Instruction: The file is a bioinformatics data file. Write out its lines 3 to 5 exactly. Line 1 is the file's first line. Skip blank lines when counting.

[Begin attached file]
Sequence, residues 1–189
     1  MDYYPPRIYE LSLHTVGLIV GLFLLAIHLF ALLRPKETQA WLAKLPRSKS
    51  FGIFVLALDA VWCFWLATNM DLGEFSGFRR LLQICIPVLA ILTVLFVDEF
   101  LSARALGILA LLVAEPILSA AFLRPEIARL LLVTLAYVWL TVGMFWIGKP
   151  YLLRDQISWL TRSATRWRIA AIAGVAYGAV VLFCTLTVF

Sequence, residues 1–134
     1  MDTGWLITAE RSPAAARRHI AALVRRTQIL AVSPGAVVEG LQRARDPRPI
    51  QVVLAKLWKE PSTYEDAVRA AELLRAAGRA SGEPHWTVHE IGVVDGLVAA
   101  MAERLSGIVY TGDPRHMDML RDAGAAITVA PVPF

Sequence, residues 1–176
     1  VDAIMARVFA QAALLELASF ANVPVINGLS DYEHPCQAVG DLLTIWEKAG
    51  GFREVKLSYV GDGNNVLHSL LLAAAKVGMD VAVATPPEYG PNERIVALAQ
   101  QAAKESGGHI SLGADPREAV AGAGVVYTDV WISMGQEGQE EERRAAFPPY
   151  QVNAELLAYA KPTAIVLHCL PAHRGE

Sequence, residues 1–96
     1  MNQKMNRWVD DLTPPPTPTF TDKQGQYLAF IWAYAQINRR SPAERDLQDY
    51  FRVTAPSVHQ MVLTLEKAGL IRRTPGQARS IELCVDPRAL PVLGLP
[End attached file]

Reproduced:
    51  FGIFVLALDA VWCFWLATNM DLGEFSGFRR LLQICIPVLA ILTVLFVDEF
   101  LSARALGILA LLVAEPILSA AFLRPEIARL LLVTLAYVWL TVGMFWIGKP
   151  YLLRDQISWL TRSATRWRIA AIAGVAYGAV VLFCTLTVF